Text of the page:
The eccentric engineer: the secrets of the ‘Rocket Girl’
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This is the story of how Mary Sherman Morgan, who, having minimal options as an unqualified young woman with an illegitimate child, saved the US Space Programme.
Mary Sherman Morgan is perhaps an unlikely hero of the space race and certainly an underappreciated one.
One of six children, she was brought up on a rural North Dakota farm, and only went to school aged eight when the local education board insisted. At school she shone and developed a passion for chemistry, later enrolling at Minot State University, shortly before the Second World War broke out. However, her longed-for degree would not materialise. One of the effects of the war in the US was a shortage of scientists and particularly chemical engineers. Men were sent to the front, so local recruiters looked around for other qualified people not subject to service –the young, old and, of course, women.
Morgan was approached by a recruiter who heard of her brilliance at chemistry. He made her a peculiar offer – a job at an Ohio factory that she must decide on without knowing what the factory made or what her job would be. The only clue was that she would have to pass Top Secret security clearance. This, and the chance to earn some money, proved enough for the ever inquisitive and almost destitute Morgan, who agreed to put her degree on hold and take the job.
Morgan arrived in Ohio to find she was to work on explosives manufacture at the Plum Brook Ordnance Works, which would produce over half a million tonnes of pentolite, DNT and TNT during the war. Despite having no formal qualification, Morgan developed a unique skill – she proved brilliant at synthesising explosives. So vital did she become, that when she had an illegitimate child in 1944, even her prudish Ohioan managers could not let her go.
By the end of the war, Morgan was keen to continue working, but the options for an unqualified woman with an illegitimate child seemed minimal. She was saved by her knowledge of explosives and, as the Cold War heated up and the space race began in earnest, she was snapped up by North American Aviation for its Rocketdyne fuel division in Canoga Park, California.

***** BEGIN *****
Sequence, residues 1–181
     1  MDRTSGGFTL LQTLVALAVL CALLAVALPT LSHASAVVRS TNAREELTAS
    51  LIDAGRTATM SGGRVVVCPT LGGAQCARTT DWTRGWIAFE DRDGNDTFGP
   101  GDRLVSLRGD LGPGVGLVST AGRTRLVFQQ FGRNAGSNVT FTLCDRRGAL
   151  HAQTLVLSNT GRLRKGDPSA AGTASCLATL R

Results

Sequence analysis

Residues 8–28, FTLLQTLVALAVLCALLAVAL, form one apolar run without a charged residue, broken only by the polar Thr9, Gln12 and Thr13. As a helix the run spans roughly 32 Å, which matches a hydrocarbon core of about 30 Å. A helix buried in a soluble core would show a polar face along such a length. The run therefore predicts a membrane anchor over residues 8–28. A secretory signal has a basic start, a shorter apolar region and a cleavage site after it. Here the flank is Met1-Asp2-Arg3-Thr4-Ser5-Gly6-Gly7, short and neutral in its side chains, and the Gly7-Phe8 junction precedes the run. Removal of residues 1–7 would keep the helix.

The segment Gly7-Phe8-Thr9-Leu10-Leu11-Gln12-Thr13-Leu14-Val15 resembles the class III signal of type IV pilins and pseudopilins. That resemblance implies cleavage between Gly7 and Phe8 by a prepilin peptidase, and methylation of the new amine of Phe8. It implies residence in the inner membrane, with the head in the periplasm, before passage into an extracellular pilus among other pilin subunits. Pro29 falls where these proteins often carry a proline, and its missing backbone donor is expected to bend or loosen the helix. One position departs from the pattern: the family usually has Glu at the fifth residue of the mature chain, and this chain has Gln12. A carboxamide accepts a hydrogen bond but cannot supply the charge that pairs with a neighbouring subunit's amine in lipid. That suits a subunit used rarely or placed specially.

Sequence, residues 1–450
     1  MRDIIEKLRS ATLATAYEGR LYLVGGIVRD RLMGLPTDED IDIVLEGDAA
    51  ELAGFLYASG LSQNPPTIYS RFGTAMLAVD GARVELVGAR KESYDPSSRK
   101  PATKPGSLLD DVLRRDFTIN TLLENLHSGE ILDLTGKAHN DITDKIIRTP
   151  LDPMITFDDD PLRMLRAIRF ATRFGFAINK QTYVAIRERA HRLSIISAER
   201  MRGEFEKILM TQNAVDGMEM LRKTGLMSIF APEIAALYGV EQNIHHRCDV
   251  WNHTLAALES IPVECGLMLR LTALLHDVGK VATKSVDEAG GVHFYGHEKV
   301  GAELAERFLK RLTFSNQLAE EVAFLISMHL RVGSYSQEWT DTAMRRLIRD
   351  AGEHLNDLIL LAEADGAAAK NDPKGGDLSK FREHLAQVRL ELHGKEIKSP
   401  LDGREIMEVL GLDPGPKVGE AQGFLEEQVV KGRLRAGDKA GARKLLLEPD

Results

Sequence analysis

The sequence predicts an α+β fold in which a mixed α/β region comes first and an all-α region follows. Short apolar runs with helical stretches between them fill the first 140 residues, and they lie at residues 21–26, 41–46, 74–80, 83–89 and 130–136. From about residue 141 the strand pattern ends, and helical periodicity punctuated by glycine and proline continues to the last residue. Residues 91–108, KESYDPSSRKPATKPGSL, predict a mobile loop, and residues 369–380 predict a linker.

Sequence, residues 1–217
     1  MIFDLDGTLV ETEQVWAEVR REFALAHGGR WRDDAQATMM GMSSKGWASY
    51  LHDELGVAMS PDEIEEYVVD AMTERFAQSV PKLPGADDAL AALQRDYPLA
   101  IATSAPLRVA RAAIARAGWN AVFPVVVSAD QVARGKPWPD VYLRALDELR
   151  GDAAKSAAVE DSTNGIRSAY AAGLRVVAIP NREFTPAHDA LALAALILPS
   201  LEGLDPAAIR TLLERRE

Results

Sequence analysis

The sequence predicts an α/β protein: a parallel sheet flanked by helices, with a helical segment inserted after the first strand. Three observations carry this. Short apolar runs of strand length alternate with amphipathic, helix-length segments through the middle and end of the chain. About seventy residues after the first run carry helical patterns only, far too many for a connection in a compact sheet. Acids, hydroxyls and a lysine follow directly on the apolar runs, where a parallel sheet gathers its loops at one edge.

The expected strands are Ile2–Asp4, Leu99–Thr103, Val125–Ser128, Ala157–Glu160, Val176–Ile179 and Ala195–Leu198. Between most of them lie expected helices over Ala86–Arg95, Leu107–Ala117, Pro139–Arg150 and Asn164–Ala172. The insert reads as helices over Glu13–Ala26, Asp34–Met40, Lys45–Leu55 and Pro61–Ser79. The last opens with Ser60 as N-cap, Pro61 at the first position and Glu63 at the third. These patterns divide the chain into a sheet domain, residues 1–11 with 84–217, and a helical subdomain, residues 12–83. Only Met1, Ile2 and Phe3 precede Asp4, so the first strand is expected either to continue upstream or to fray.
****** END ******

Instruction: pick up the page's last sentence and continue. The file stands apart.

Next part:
Arriving at North American, she found she was the only woman on the engineering floor, working alongside 900 men, and the only one without a degree. Despite the odds, she was quickly promoted to theoretical performance specialist and tasked with solving the greatest space problem facing the US. Its space programme was based around the Vanguard rocket, although Wernher von Braun and his German naturalised team had designed a competing vehicle, the Jupiter C, based on a Redstone missile. However, the Redstone was considered more a military project than a scientific one and had proved to be too heavy to place a satellite in orbit. By the time the Russians did exactly that with Sputnik 1, it had become a matter of national pride for the US to join them in space with Vanguard.
While Vanguard was developed, Morgan was named technical lead scientist on the project at Rocketdyne and came up with a simple but brilliant solution to von Braun’s problem. She synthesised a new, exotic liquid fuel, which simply packed more punch than the standard 75 per cent ethyl alcohol fuel used previously. Morgan suggested her new fuel be called ‘Bagel’ as it would be used with the oxidiser LOX – Bagel and Lox. The Army, not finding rocket fuel to be a humorous subject, decided on ‘Hydyne’ instead.
Time was pressing. Having been stunned by the launch of Sputnik, the US prepared its Vanguard for launch in late 1957, only to be horrified as it very publicly exploded, just 1.2m off the launch pad. Von Braun was told to prepare his Jupiter C rocket for an immediate launch in a desperate attempt to save face. Fuelled with Hydyne, the rocket, now renamed Juno 1, was prepared at Cape Canaveral, with the eyes of the world waiting to see if the US space dream might end before it even began.
They needn’t have worried. Morgan’s fuel propelled the first US artificial satellite, Explorer 1, into orbit on 31 January 1958. The launch brought fame to von Braun and his team and put the US on the road to the Moon. Yet no fame came to Morgan, who shunned publicity and, having been employed on ‘military projects’, faithfully kept her secrets as she had done since the war. So well did she hide her role in saving the US space programme that when she died in 2004, newspaper editors were unable to verify the obituary submitted by her son.
As he later recalled: “My mother had done such a good job of erasing herself from existence by not allowing anybody to write about her... nobody could verify that she ever even existed.”
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